Graduates bring games to life with LEGO

A subsidiary of Warner Brothers Interactive, TT Games is known for developing several licensed LEGO themed games

Gerry Hart
13th February 2018
Aishling Mulhern at the TT Games Studio | Image: Newcastle University

In what is often perceived as a male dominated industry, a group of all female Newcastle University Graduates have recently been employed by video game developer TT Games.

Nina Campbell, Ruth Caulcott-Cooper and Aishling Mulhern signed on to the Bolton based developer in March 2016, April 2017 and August 2016 respectively.

A subsidiary of Warner Brothers Interactive, TT Games is known for developing several licensed LEGO themed games, including LEGO Marvel Super Heroes 2, Lego Star Wars: The Force Awakens and the LEGO Ninjago Movie Video Game.

“I started a career in gaming firstly because I really enjoyed playing videogames, and have done so since a very young age” said Ruth Caulcott-Cooper, 22.

“Secondly because it was a unique challenge that no one in my social circles or at my all-girls school took interest in.”

In addition to TT Games, the North of England is home to a number of other notable game developers. These include the Liverpool based developers of Driveclub Evolution Studios as well as the Newcastle based Ubisoft Reflections, whose 2015 title Grow Home received praise from numerous outlets including Eurogamer and Destructoid.

The video game industry is often seen as a hostile environment for women. In 2014, the Gamergate movement, ostensibly predicated on promoting ethical video game journalism, saw multiple female game critics and developers harrassed online.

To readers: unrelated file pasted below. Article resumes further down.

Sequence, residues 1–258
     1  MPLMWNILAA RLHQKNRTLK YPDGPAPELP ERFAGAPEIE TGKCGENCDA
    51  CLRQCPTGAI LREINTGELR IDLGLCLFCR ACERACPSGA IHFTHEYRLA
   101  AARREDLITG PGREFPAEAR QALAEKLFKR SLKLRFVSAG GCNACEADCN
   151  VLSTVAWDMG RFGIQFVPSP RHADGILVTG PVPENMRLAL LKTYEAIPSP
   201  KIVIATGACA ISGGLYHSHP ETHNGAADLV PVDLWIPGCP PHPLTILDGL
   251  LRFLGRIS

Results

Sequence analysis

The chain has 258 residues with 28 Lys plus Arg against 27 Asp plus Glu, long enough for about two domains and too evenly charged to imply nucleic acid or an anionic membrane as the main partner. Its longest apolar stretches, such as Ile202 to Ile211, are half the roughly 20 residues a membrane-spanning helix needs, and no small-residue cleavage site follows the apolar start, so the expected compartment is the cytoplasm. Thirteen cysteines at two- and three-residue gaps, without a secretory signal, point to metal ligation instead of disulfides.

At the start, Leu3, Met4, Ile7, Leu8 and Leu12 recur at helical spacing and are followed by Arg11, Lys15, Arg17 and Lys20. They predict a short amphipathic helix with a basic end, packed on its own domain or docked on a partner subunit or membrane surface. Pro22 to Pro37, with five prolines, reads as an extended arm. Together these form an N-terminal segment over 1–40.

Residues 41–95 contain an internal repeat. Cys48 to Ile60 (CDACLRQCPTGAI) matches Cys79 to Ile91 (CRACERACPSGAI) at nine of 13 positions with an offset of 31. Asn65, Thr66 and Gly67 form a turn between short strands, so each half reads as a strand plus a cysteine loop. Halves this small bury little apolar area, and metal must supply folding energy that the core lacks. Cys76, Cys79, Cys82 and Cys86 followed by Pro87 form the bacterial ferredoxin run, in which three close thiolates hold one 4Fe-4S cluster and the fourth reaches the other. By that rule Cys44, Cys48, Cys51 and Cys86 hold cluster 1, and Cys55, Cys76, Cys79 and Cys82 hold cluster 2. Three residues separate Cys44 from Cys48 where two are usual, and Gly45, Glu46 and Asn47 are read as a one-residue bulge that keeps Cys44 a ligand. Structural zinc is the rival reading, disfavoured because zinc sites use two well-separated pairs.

Game development is a male-dominated profession, with men accounting for about 79%

More recently, allegations of widespread racist and sexist behaviour at French studio

Quantic Dreams were published in French newspaper Le Monde. Studio founders David Cage and Guillaume de Fondaumière have since denied these allegations.

Additionally, game development is more often than not a male dominated profession, with men accounting for about 79% of video game developers according to the most recent Independent Game Developers Association last year.

“Women need to publicly show their success in the science, technology, engineering and mathematics (STEM) industry to encourage other women to pursue it, and to progress the relevance of women in STEM roles”, Cooper said.

“Many of the most talented people I studied alongside were women, and it has been such a failure that they weren’t encouraged into the Games Industry during its fledgling days”, Chris Stanforth, Head of Mechanics at TT Games also stated.

“I, and TT as a company, will do what we can to change that and our association with Newcastle has been a successful step towards that goal.”

Dr Graham Morgan, Senior Lecturer at Newcastle University School of Computing, said: “Due to the success of the students and close working links with industry partners, Newcastle enjoys a reputation for delivering high quality talent to the video games industry across many international markets.”

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